Thinking about the environmental impact of my photographic practice led me to do some research on alternative developers. Caffenol (developer made with coffee) has been around for quite a while and there are many versions of the recipe. This photographer from Copenhagen has published his recipe on his blog – https://www.peterbjerg.dk/blog/eco2 I haven’t tried it yet, but will in the future. You can also find recipes on the Caffenol.org website https://www.caffenol.org/ and on many other websites. There are quite a few people all over the world who are working with plant based developers.
I was inspired by a recipe for spruce needle developer that I saw somewhere, and then I found more on the Alt Photo site using different plant material. https://www.alternativephotography.com/herbal-developers/. I substituted spruce for the arnica and developed some Kentmere 100 film. My first few rolls came out very fogged and dark with little image density, but one can’t be discouraged by poor results! After working with historic processes for most of my photographic practice, I am familiar with the patience and perseverance required to get good results. I adjusted the recipe by using less washing soda, and my next spruce needle developed roll looked quite lovely in my eyes! I also discovered that if I reused the developer, the second roll came out with less fog.
One of the first rolls developed in spruce developer. The results were pretty fogged and thin.
A few rolls later I had made some adjustments and things seemed to be working much better.
I knew that other plant material could be substituted for spruce, it is the same basic recipe as caffenol after all. One evening when I had made myself a delicious cup of chocolate tea from cacao husks steeped in water, and then was distracted by something so that my tea got cold, I thought I’d try that as a developer. To my amazement, it worked very well! Less fog than the spruce needle developer and good image density. It also smelled like chocolate! Since then, I have developed several rolls in the chocolate developer and am becoming more particular about negative quality, mid-tone density, and details in the shadows. I’ve been experimenting with changing the development time, using anywhere between 10 and 20 minutes, and temperature. I’ve also been re-using the developer to see how it changes the image density and grain after a few uses.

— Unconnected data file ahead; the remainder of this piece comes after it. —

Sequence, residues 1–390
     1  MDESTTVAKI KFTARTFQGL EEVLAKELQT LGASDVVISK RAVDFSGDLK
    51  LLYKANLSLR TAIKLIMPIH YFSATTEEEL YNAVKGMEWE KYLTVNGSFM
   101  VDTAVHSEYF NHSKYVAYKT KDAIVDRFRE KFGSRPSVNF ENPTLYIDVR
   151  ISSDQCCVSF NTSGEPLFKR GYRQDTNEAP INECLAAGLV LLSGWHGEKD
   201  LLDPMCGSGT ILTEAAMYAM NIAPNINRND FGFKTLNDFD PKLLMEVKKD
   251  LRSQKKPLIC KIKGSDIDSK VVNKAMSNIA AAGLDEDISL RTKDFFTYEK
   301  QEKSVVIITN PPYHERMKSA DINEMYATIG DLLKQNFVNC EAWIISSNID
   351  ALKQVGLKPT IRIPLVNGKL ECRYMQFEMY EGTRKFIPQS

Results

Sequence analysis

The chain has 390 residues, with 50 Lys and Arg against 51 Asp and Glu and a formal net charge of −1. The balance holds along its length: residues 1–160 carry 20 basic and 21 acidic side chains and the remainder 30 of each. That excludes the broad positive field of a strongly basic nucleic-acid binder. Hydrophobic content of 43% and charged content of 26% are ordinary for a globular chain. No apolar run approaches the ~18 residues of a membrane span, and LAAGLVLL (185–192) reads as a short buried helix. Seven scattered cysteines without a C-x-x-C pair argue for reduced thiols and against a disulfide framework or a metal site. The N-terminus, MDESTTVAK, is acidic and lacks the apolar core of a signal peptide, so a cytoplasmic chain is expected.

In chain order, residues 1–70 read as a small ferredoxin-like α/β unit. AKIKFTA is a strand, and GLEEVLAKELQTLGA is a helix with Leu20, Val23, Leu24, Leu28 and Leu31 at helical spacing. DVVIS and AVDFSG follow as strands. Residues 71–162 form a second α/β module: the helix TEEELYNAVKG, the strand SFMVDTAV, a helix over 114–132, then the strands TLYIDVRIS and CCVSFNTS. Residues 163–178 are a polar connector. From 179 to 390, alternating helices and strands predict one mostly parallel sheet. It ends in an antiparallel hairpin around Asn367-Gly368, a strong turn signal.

This is just the beginning of my testing, and will share more results after I have some more definitive answers. I will be trying different trees, plants and of course, more chocolate. For now, here is the recipe I started with so you can experiment with developers yourself. Remember to keep good notes and only change one variable at a time or you won’t know what it was that made that negative look fogged, or maybe look fabulous.
I haven’t gone into the technical details about chemical reactions and the reduction of exposed silver halides into metallic silver, there is quite a lot written about this already, but if you are a chemist, you may find this very useful information to look up. If you know what reactions are happening and what each chemical contributes to the process, you can make adjustments that affect the quality of the negative and be able to better predict outcomes.
Chocolate Film Developer
20g washing soda (sodium carbonate, not baking soda)
10g powdered vitamin C (ascorbic acid)
Cacao husk (or other plant material) to make 500ml chocolate tea (use a typical amount of husks you might make tea to drink)
Tea can be made by pouring boiling water over the plant material and letting it steep for several hours or overnight.
Mix the washing soda into the tea, let it dissolve completely.
Mix the ascorbic acid into the tea, use a larger container to mix in as it may fizz up at this point.
Once it has completely dissolved it is ready to use.
I began by developing a roll of Kentmere 100 for 15 minutes at 26C
Stop, fix and wash as usual. If you are looking for a more environmentally friendly solution to the rest of the process, try using stop and fix from Flic Film, and always make sure to recycle your used fixer!
**Please note that while this is a less toxic developer, it still needs to be treated as a chemical, and all film processing should NOT be done in your kitchen. Label all bottles carefully and keep away from children and pets.
If you are looking for a source of cacao husks, I found mine at Cocoaro, a wonderful shop that makes chocolate from ethically sourced beans – cocoaro.ca. The tea isn’t on their website, but they do have it in the shop. It makes a nice developer, and also a good cup of tea (without the added chemicals of course). They also make delicious chocolate, and are in Port Moody so if you don’t live out that way you can make a nice afternoon of sourcing some for yourself.
Here are a few scans of some chocolate developed negatives.
I hope this has inspired some of you to try plant developers yourself! Share some of your recipes and results here. The sustainable photo community works best when we exchange ideas and good energy!
I also decided to try enlarging one of the images so I could develop the paper in the same chocolate developer. It is very slow to come up in the tray, but after a 5 min development, I got a very nice image. The cocolate stains the paper slightly, giving a warm tone print. This is something I will be doing further experiments on as well.
The print on the left was developed in a chocolate tea developer, the print on the right was developed in Ilford Multigrade paper developer. Both were printed on Ilford RC Satin paper